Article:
Upon reflection, there was a running theme between the hymns I was moved to sing. Many were about the cross, the blood of Christ, and about the heavenly kingdom and following God to the end. Even so, I could not understand why I was receiving these hymns and why it was happening so often. I eventually came to a half-satisfying conclusion that it was because I felt weak.

Several months after the trip, I attended the Africa Ministry Training Course (AMTC) 2017 in London. The participants who had already visited Africa were asked to share their experiences during a scheduled sharing session. During the evening prayer, on the day before the sharing session, I prayed and asked God what I should share. I briefly thought back to my experiences of receiving hymns in prayer, but dismissed it fairly quickly. I thought, How could I share something that I still don’t really understand myself? On thinking this, I suddenly felt a strong feeling within that said, “It’s because you were discouraged.” These words pierced me; I felt vulnerable, but at the same time, a feeling of relief and comfort flooded me. At that moment, everything clicked. I realized that, during my trip, I had suppressed these sad thoughts rather than deal with them. But even if we try to hide our deepest thoughts, the Spirit of God knows what lies in our hearts:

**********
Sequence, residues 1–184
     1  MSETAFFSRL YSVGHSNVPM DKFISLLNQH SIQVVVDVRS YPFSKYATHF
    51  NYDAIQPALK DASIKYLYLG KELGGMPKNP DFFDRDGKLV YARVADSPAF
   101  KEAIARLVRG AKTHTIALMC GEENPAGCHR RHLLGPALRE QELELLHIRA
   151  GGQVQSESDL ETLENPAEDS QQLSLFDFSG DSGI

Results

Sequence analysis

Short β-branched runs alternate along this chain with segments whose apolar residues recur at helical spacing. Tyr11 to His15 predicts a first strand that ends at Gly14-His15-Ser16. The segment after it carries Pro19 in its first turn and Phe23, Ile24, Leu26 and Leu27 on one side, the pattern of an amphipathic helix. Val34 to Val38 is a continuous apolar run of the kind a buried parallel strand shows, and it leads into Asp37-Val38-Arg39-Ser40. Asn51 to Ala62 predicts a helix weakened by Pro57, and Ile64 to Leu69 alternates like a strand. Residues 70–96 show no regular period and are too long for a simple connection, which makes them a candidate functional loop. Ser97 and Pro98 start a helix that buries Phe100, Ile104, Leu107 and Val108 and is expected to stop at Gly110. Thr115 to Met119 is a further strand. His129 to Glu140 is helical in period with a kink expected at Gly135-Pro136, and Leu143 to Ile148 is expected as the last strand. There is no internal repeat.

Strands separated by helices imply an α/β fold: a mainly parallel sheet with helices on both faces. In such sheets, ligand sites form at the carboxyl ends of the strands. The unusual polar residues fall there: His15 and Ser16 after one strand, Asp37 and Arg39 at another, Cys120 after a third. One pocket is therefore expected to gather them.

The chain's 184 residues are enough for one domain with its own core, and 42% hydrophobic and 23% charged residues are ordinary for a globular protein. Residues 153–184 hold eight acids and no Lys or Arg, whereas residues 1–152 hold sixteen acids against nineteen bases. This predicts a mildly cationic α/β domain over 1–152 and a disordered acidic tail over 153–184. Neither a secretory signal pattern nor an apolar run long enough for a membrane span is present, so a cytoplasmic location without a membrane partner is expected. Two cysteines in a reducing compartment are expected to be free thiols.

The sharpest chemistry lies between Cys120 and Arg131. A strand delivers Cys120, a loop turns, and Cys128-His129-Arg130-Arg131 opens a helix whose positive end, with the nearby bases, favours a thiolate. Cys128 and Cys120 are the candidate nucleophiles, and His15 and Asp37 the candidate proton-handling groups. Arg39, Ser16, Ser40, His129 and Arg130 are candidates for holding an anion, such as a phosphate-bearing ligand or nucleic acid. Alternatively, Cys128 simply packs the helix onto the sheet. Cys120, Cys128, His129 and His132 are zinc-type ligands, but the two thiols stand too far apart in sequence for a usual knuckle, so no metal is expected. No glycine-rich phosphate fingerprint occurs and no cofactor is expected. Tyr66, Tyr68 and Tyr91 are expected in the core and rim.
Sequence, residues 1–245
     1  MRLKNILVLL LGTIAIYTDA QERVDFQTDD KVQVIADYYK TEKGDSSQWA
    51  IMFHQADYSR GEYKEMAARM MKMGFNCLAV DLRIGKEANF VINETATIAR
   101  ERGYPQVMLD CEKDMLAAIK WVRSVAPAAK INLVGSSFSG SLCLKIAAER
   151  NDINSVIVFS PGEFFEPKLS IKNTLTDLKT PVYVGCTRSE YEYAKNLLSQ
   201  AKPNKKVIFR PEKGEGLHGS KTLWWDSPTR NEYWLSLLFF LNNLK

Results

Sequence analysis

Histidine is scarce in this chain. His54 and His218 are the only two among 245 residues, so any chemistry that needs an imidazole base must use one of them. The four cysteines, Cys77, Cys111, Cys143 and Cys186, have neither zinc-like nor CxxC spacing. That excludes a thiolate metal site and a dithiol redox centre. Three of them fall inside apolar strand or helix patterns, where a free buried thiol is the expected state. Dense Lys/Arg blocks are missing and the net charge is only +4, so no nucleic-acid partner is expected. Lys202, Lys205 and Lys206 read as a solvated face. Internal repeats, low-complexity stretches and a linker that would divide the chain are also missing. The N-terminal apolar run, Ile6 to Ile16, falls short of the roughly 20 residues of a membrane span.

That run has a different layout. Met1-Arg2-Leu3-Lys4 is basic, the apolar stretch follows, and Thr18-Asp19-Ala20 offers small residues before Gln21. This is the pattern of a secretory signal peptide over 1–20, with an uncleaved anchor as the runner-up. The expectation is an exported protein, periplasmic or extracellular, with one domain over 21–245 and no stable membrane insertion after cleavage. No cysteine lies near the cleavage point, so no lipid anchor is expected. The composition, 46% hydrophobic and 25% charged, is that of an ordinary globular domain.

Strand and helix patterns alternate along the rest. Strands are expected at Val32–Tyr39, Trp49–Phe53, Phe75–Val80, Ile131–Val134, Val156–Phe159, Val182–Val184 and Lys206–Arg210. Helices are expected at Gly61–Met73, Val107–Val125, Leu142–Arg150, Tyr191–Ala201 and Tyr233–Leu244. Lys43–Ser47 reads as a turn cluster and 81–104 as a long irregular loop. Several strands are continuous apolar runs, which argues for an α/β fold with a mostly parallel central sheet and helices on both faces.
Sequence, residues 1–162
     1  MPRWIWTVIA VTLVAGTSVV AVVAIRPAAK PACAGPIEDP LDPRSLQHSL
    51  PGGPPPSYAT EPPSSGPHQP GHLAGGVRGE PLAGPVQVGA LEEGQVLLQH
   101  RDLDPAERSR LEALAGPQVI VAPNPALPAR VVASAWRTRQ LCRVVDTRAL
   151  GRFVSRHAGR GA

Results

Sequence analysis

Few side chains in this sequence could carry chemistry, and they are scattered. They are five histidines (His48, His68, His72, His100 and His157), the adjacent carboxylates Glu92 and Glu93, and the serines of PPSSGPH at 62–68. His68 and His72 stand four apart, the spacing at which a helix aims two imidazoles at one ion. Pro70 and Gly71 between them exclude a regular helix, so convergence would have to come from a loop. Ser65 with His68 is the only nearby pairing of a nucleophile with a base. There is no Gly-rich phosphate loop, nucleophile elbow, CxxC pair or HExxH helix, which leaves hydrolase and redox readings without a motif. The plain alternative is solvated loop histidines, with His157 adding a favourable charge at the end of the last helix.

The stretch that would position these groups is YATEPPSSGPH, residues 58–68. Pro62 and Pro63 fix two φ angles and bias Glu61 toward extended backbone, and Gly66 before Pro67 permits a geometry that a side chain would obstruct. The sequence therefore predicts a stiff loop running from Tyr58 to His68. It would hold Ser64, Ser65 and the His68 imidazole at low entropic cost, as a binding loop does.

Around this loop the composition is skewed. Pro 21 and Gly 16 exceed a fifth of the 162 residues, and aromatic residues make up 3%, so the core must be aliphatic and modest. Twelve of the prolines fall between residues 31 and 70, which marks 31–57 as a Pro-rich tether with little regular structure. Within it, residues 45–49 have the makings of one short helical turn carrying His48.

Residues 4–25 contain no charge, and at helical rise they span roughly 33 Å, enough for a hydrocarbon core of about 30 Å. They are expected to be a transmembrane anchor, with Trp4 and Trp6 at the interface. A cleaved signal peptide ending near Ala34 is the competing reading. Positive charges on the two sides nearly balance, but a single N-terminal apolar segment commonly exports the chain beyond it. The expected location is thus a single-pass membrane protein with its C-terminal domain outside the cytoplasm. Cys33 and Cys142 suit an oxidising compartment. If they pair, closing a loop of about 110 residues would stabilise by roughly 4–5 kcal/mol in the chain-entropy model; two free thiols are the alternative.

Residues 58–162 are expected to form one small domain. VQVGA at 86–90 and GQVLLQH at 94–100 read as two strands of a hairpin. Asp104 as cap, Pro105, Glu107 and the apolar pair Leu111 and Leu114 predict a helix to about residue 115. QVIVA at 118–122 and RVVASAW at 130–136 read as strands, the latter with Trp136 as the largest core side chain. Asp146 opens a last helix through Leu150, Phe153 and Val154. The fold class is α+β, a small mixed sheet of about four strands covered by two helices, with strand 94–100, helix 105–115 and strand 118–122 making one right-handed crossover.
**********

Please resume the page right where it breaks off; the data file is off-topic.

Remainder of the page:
Likewise the Spirit also helps in our weaknesses. For we do not know what we should pray for as we ought, but the Spirit Himself makes intercession for us with groanings which cannot be uttered. Now He who searches the hearts knows what the mind of the Spirit is, because He makes intercession for the saints according to the will of God. (Rom 8:26–27)

God had been encouraging me all along, so I could continue to serve Him. Through the Holy Spirit, He gave me the message to keep moving forward. No matter what happens in church, no matter who may depart from God, nothing that has happened or will happen can dilute or degrade the sacrifice given by our Lord Jesus. He shed His blood and gave His life on the cross—paying the price for our sins. Nor will anything tarnish God’s glory or impede God’s salvation plan. Therefore, all we can and must do is follow Him till we reach the heavenly kingdom.

[1] By Fanny J Crosby (1820–1915).

[2] By DeWitt Clinton Huntington (1830–1912).

[3] By Isaac Watts (1674–1748) and Ralph Erskine Hudson (1843–1902).

[4] By Chas H Gabriel (1856–1932).

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Author: AMC Volunteers
Publisher: True Jesus Church
Date: 06/12/2019